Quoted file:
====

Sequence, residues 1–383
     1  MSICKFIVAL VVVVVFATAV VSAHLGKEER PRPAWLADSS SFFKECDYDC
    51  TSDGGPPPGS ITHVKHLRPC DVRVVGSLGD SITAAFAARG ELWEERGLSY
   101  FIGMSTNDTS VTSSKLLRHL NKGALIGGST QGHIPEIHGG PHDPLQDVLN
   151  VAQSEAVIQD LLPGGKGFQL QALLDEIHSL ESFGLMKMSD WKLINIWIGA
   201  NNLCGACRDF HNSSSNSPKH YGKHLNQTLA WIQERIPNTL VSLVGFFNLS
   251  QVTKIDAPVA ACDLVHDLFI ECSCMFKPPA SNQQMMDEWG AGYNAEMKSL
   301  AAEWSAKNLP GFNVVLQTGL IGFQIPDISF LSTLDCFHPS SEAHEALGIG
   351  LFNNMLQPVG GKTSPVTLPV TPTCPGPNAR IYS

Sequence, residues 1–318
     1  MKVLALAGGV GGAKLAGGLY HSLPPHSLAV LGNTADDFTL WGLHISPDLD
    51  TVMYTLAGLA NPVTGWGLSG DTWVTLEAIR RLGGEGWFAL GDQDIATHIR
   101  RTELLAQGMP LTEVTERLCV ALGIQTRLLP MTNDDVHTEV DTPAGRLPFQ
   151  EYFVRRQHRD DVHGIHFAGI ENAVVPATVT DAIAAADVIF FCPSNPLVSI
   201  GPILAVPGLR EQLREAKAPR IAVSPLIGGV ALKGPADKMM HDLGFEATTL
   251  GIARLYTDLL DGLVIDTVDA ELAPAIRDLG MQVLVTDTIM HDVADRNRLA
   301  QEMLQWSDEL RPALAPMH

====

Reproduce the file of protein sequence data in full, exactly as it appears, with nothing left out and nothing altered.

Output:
Sequence, residues 1–383
     1  MSICKFIVAL VVVVVFATAV VSAHLGKEER PRPAWLADSS SFFKECDYDC
    51  TSDGGPPPGS ITHVKHLRPC DVRVVGSLGD SITAAFAARG ELWEERGLSY
   101  FIGMSTNDTS VTSSKLLRHL NKGALIGGST QGHIPEIHGG PHDPLQDVLN
   151  VAQSEAVIQD LLPGGKGFQL QALLDEIHSL ESFGLMKMSD WKLINIWIGA
   201  NNLCGACRDF HNSSSNSPKH YGKHLNQTLA WIQERIPNTL VSLVGFFNLS
   251  QVTKIDAPVA ACDLVHDLFI ECSCMFKPPA SNQQMMDEWG AGYNAEMKSL
   301  AAEWSAKNLP GFNVVLQTGL IGFQIPDISF LSTLDCFHPS SEAHEALGIG
   351  LFNNMLQPVG GKTSPVTLPV TPTCPGPNAR IYS

Sequence, residues 1–318
     1  MKVLALAGGV GGAKLAGGLY HSLPPHSLAV LGNTADDFTL WGLHISPDLD
    51  TVMYTLAGLA NPVTGWGLSG DTWVTLEAIR RLGGEGWFAL GDQDIATHIR
   101  RTELLAQGMP LTEVTERLCV ALGIQTRLLP MTNDDVHTEV DTPAGRLPFQ
   151  EYFVRRQHRD DVHGIHFAGI ENAVVPATVT DAIAAADVIF FCPSNPLVSI
   201  GPILAVPGLR EQLREAKAPR IAVSPLIGGV ALKGPADKMM HDLGFEATTL
   251  GIARLYTDLL DGLVIDTVDA ELAPAIRDLG MQVLVTDTIM HDVADRNRLA
   301  QEMLQWSDEL RPALAPMH